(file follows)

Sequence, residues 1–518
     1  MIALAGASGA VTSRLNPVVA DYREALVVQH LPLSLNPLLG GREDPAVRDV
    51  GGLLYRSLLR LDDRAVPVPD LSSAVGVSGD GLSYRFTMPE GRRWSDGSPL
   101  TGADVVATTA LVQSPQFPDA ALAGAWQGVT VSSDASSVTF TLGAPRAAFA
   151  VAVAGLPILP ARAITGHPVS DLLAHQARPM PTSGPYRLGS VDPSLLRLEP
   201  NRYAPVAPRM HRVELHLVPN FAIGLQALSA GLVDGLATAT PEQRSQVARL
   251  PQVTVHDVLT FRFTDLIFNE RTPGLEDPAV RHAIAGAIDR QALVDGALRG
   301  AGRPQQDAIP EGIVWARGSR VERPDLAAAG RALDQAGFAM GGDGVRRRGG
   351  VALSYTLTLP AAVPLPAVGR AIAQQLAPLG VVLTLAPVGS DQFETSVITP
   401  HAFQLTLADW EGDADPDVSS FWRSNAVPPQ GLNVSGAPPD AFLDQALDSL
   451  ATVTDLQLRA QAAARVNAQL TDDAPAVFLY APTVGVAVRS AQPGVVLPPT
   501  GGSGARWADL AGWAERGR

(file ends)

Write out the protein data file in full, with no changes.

Sequence, residues 1–518
     1  MIALAGASGA VTSRLNPVVA DYREALVVQH LPLSLNPLLG GREDPAVRDV
    51  GGLLYRSLLR LDDRAVPVPD LSSAVGVSGD GLSYRFTMPE GRRWSDGSPL
   101  TGADVVATTA LVQSPQFPDA ALAGAWQGVT VSSDASSVTF TLGAPRAAFA
   151  VAVAGLPILP ARAITGHPVS DLLAHQARPM PTSGPYRLGS VDPSLLRLEP
   201  NRYAPVAPRM HRVELHLVPN FAIGLQALSA GLVDGLATAT PEQRSQVARL
   251  PQVTVHDVLT FRFTDLIFNE RTPGLEDPAV RHAIAGAIDR QALVDGALRG
   301  AGRPQQDAIP EGIVWARGSR VERPDLAAAG RALDQAGFAM GGDGVRRRGG
   351  VALSYTLTLP AAVPLPAVGR AIAQQLAPLG VVLTLAPVGS DQFETSVITP
   401  HAFQLTLADW EGDADPDVSS FWRSNAVPPQ GLNVSGAPPD AFLDQALDSL
   451  ATVTDLQLRA QAAARVNAQL TDDAPAVFLY APTVGVAVRS AQPGVVLPPT
   501  GGSGARWADL AGWAERGR